Saturday, May 14, 2005

Does The Economist know something we don't? 

By this time, you've all heard of the downfall of Spokane's anti-gay crusader, Jim West:

As toug-talking conservatives go, they didn't come much tougher than Jim West. The state legislator and mayor of Spokane—a city of 200,000 in Washington state's north-eastern corner—opposed gay rights and abortion and once wrote a bill banning sex between teenagers, gay or straight. Yet Mr West, 54, led a double life. In recent months he apparently conducted an internet conversation with, as he supposed, a 17-year-old boy who went by the alias of “motobrock34”. The conversations were flirty and sometimes overtly sexual, and in their final chats the two arranged to meet.

But motobrock34 was not a teenage boy. He was an investigator hired by a Spokane daily newspaper, the Spokesman-Review. In the past week the newspaper has printed its online chats with Mr West, who at one point offered to make motobrock34 his intern. It also claimed that Mr West molested two boys more than 25 years ago, when he was a sheriff's deputy and Boy Scout leader, and that since becoming mayor in early 2004 he has offered city jobs to two young men he met in internet gay chat rooms. Mr West admits to the online conversations, and that he has had “relations” with young men. He denies the molestation charges, and that he lured young men by using the trappings of his office.

With recall petitions afoot and the FBI now on the case, Mr West looks doomed. His downfall will send ripples across much of Washington state. He is one of the most powerful politicians in the state's eastern half, and has talked of running for governor. The revelations about him may also boost a “gay civil rights” measure that was narrowly defeated in the state legislature this past April but will probably come up for a vote again next year.

There may be wider ripples, too. Gay conservatives are mumbling of undisclosed homosexuals in the Republican hierarchy. An equivalent sting in Washington, DC (remember Mayor Marion Barry smoking crack?) might find some unexpectedly famous names in Mr West's virtual hunting grounds.
(via The Economist)

Hmmm... Famous names, eh? Perhaps one of "Jeff Gannon"'s clients?

Frank Rich seems to be thinking the same way:

Even as it has ceased to be a crime or necessarily a political career-breaker to be gay, unprincipled gay-baiting has mushroomed into a full-fledged political movement. It's a virulent animosity toward gay people that really unites the leaders of the anti-"activist" judiciary crusade, not any intellectually coherent legal theory (they're for judicial activism when it might benefit them in Florida). Their campaign menaces the country on a grander scale than Drury and Preminger ever could have imagined: it uses gay people as cannon fodder on the way to its greater goal of taking down a branch of government that is crucial to constitutional checks and balances...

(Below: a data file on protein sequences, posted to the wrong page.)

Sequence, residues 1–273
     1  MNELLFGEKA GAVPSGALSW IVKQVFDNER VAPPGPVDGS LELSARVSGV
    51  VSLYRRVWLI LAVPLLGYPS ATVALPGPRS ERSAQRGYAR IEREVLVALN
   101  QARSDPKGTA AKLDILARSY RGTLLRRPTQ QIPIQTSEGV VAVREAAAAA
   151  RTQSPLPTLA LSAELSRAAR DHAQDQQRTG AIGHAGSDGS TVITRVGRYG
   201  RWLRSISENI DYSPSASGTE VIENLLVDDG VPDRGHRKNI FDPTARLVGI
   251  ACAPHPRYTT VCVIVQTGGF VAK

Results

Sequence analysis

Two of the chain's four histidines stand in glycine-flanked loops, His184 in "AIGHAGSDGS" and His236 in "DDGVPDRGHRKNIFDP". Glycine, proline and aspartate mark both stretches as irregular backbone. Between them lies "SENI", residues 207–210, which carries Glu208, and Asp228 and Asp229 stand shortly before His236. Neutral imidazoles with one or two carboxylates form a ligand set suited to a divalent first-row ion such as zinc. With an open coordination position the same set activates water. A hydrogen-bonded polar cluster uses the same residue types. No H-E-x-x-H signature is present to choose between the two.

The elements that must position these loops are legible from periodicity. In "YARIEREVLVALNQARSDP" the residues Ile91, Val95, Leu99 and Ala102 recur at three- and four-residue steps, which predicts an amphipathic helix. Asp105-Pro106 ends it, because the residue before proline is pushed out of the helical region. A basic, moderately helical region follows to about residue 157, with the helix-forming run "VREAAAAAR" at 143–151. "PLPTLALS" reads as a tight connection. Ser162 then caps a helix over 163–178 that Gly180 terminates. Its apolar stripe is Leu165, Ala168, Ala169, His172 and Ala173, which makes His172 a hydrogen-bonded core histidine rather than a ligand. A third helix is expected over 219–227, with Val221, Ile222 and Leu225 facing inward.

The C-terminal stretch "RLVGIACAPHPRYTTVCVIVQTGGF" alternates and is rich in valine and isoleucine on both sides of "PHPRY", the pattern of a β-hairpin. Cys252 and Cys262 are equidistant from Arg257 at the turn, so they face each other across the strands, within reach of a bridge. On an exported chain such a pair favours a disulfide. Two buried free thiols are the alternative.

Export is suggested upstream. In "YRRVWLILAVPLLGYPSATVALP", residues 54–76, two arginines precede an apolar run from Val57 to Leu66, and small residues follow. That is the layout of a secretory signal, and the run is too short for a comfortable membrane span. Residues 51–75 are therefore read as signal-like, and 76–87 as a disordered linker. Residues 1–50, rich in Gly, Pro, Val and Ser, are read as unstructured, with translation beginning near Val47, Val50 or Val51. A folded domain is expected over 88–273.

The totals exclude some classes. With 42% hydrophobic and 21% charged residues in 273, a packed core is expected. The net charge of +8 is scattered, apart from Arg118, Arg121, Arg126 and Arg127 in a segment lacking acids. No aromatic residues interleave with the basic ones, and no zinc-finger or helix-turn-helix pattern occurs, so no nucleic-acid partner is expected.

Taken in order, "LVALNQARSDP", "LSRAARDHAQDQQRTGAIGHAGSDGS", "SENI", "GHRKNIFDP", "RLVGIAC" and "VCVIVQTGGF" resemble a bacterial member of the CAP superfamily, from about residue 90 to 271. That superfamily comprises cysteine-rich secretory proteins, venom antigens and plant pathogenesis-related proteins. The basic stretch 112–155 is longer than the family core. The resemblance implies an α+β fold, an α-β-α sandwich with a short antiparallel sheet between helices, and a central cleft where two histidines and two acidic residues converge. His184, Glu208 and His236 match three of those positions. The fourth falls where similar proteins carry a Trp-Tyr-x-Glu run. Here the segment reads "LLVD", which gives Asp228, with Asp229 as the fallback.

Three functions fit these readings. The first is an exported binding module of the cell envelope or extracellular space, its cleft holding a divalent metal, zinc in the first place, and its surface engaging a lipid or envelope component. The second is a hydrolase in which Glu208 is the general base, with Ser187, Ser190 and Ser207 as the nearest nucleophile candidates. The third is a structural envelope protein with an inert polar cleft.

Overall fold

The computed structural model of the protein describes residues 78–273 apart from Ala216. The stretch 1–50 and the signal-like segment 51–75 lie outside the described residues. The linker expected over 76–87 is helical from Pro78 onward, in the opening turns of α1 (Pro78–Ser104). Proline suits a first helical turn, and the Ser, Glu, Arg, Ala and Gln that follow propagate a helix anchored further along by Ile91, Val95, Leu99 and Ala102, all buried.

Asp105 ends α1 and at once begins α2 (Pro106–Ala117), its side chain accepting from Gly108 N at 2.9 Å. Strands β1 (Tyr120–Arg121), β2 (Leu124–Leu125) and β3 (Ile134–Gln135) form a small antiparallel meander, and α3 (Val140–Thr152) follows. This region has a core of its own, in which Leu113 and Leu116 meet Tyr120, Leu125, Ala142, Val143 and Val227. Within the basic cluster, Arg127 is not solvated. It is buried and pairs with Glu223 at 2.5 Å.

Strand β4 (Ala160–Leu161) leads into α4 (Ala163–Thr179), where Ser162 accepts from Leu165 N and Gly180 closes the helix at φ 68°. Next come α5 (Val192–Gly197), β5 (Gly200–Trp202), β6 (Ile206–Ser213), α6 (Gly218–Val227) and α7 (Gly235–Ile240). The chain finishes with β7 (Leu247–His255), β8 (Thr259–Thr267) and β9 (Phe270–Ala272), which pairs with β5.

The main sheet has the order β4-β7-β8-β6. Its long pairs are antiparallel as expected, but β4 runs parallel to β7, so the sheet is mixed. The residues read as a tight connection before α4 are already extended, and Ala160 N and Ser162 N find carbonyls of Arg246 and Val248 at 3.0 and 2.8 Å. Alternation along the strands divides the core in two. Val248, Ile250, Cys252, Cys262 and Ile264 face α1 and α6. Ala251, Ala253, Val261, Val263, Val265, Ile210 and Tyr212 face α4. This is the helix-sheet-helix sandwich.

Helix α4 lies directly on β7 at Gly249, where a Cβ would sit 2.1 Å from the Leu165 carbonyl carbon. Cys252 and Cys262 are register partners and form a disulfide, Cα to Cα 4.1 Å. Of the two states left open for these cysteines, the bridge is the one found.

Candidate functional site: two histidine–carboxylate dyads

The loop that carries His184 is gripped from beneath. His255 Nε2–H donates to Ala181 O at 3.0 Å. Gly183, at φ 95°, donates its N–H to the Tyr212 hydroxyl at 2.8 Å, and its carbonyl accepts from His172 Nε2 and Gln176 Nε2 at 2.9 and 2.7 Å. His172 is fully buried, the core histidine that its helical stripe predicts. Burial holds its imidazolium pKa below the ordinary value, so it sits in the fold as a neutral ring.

These people have been attacking gay people since well before Massachusetts judges took up the issue of marriage, Vermont legalized civil unions or Gavin Newsom was in grade school. The Southern Poverty Law Center, which monitors hate groups, characterizes the religious right's anti-gay campaign as a 30-year war, dating back to the late 1970's, when the Miss America runner-up Anita Bryant championed the overturning of an anti-discrimination law protecting gay men and lesbians in Dade County, Fla., and the Rev. Jerry Falwell's newly formed Moral Majority issued a "Declaration of War" against homosexuality.

What adds a peculiar dynamic to this anti-gay juggernaut is the continued emergence of gay people within its ranks. [T]his has been a consistent pattern throughout the 30-year war. Terry Dolan, a closeted gay man, ran the National Conservative Political Action Committee, which as far back as 1980 was putting out fund-raising letters that said, "Our nation's moral fiber is being weakened by the growing homosexual movement and the fanatical E.R.A. pushers (many of whom publicly brag they are lesbians)." (Dolan recanted and endorsed gay rights before he died of AIDS in 1986.) The latest boldface name to marry his same-sex partner in Massachusetts is Arthur Finkelstein, the political operative behind the electoral success of Jesse Helms, a senator so homophobic he voted in the minority of the 97-to-3 reauthorization of the Ryan White act for AIDS funding and treatment in 1995.

But surely the most arresting recent case is James E. West, the powerful Republican mayor of Spokane, Wash. ... Not unlike the Roy Cohn of "Angels in America" - who describes himself as "a heterosexual man" who has sex "with guys" - Mr. West has said he had "relations with adult men" but doesn't "characterize" himself as gay. This is more than hypocrisy - it's pathology.

[The 1950s] were the dark ages, but it isn't entirely progress that we now have a wider war on gay people, thinly disguised as a debate over the filibuster, cloaked in religion, and counting among its shock troops politicians as utterly bereft of moral bearings as James West.
(via the at-last-one-other-reason-to-read-it-besides-Krugman New York Times)


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